• Restrict fluids – Avoid any drinks in the 2 hours before bedtime, especially caffeine or alcohol. Caffeine is not recommended after 6 pm.
  • Regular exercise – Getting enough physical exercise is very important. Research has shows men who participate in at least one hour of physical exercise per week are 13% less likely to experience nocturia, and 34% less likely to experience severe nocturia. This may be because exercise helps lower your BMI, improves  sleep and reduces levels of chronic inflammation.
  • Benefits of weight loss – Being overweight or obese has a close association with nocturia. There are several reasons for this. Increasing amounts of intrabdominal fat exert increased physical pressure onto the bladder. In addition, some people who are obese are prone to night-time snacking. In men, obesity is associated with enlargement of the prostate. However, losing weight improves nocturia.
  • Eat less salt – The vast majority of people consume more than twice the daily recommended amount of salt. This is dangerous for health as it is a major cause of high blood pressure and heart disease. But eating too much salt is also a cause of nocturia because excess salt makes you thirsty, so you drink more. You can improve nocturia by lowering the salt content of your diet. Don’t add salt to food, use a low-sodium salt, and avoid salty snacks like salted peanuts and crisps.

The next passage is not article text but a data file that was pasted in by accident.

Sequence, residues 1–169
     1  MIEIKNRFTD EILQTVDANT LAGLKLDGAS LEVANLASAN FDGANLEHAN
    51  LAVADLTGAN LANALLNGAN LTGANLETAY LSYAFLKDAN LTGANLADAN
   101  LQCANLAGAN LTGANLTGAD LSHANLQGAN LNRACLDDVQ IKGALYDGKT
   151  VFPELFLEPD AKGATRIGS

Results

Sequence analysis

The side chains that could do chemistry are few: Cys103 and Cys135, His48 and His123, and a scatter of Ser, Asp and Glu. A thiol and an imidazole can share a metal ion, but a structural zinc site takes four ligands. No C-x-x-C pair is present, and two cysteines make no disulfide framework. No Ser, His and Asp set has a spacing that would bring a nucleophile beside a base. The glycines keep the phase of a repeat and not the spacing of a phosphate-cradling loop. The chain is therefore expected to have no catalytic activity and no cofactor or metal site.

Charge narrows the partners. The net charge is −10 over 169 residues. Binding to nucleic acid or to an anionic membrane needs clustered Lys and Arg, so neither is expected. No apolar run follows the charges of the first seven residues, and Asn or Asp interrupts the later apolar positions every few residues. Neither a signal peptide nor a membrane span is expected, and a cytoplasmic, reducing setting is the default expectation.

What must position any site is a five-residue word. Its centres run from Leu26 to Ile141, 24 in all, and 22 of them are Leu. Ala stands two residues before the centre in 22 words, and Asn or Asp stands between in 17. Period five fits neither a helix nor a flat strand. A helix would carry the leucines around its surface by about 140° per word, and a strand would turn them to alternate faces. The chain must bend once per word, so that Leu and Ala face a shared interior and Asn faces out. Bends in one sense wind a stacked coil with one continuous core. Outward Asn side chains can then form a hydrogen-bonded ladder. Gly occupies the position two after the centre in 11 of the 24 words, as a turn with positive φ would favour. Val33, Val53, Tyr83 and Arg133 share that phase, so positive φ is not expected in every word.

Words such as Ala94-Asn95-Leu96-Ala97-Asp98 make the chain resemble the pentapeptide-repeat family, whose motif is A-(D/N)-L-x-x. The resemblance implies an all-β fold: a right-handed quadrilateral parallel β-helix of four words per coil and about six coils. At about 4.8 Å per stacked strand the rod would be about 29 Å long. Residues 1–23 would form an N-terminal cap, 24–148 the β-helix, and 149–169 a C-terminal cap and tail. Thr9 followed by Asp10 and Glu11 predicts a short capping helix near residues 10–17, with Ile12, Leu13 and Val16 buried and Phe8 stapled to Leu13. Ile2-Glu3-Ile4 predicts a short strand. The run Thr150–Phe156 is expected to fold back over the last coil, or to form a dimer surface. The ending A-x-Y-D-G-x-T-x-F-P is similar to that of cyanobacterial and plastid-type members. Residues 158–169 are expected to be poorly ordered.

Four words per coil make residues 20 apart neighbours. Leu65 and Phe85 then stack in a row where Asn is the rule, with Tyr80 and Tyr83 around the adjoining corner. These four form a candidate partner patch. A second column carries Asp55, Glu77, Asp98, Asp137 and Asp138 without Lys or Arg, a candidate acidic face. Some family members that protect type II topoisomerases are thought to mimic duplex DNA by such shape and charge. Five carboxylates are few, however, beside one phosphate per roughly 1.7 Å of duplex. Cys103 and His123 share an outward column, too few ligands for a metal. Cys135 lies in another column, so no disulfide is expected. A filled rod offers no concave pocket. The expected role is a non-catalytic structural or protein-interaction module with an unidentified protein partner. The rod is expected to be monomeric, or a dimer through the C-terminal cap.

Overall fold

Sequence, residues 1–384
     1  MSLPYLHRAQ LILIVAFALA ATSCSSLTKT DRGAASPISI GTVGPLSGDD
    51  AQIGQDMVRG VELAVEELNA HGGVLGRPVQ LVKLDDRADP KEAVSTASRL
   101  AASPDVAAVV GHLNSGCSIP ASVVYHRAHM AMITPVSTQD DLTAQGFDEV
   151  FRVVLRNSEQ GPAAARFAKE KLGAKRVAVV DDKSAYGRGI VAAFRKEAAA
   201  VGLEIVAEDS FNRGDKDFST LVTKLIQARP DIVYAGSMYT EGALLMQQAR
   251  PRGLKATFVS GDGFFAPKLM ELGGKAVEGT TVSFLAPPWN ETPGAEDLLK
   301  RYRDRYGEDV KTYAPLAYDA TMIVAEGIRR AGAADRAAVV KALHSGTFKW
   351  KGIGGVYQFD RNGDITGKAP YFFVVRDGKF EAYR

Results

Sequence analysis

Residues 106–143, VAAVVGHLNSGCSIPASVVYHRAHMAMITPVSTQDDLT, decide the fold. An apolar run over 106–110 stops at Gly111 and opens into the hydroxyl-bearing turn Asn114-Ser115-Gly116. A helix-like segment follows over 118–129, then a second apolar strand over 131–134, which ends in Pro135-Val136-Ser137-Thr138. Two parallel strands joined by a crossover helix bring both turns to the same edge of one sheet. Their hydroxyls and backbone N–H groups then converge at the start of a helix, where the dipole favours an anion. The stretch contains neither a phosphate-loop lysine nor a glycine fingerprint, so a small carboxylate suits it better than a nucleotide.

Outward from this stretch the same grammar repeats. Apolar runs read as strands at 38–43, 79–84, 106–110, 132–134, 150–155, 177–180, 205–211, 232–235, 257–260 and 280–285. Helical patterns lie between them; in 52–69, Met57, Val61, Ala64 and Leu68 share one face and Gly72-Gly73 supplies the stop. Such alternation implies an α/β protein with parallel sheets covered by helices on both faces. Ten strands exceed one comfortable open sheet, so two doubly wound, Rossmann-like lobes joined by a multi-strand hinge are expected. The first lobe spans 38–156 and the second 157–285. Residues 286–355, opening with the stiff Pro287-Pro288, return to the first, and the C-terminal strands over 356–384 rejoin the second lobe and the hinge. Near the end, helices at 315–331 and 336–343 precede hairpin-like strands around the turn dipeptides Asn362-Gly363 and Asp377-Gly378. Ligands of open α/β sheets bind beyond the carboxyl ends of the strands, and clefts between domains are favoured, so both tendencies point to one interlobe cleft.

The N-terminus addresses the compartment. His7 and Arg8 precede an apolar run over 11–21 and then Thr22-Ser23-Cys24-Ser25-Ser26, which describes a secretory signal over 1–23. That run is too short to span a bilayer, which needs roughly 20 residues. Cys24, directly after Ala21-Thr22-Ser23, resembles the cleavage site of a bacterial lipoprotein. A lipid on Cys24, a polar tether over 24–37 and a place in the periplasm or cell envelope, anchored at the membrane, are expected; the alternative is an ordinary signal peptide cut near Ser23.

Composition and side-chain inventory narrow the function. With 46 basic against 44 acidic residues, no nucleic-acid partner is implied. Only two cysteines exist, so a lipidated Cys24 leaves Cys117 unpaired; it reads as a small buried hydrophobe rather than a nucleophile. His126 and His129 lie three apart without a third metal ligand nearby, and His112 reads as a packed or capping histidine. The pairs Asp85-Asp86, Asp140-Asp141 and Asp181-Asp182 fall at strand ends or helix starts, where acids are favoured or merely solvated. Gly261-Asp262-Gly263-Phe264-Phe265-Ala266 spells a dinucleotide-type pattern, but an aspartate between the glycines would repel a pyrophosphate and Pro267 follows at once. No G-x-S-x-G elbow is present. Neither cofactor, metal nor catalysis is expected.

• Pelvic floor exercises – In women, Kegel exercises have been shown to reduce the symptoms of an overactive bladder.
  • Medication – Take diuretics (water pills), first thing in the morning, not at night, so the need to pass a larger amount of urine will long since have disappeared when it’s time for bed later in the evening.
  • Put your feet up – When you get into bed and lie flat, any fluid which has collected in your lower legs and around your ankles during the day, when you were in the upright position, will be forced back into the bloodstream. This excess fluid will then need to be passed out in the urine. To avoid having to get out of bed soon after you get in, make sure you get your legs up in the afternoon and early part of the evening, so this fluid return has taken place, and you have peed out this extra urine before you get into bed. You do need to get your legs right up above the level of your heart.
  • Stop smoking – Several studies have shown that smoking is linked to nocturia. Giving up smoking is the single best thing you can do for your health. Smoking results in bladder inflammation and irritability.

Don’t be embarrassed about nocturia. You are by no means alone. You don’t need to suffer in silence. As you can see here, there are serious conditions such as diabetes that need to be excluded. Once you have seen your GP and had some basic tests, there is much that can be done to improve your symptoms, your sleep, and your quality of life.

Is it time you made that appointment?

For more information

Contributor Profile

Freelance Health Writer, BM MRCGP FFSRH DRCOG Dip GUM
Dr Fox Online Pharmacy
Phone: +44 (0)117 2050198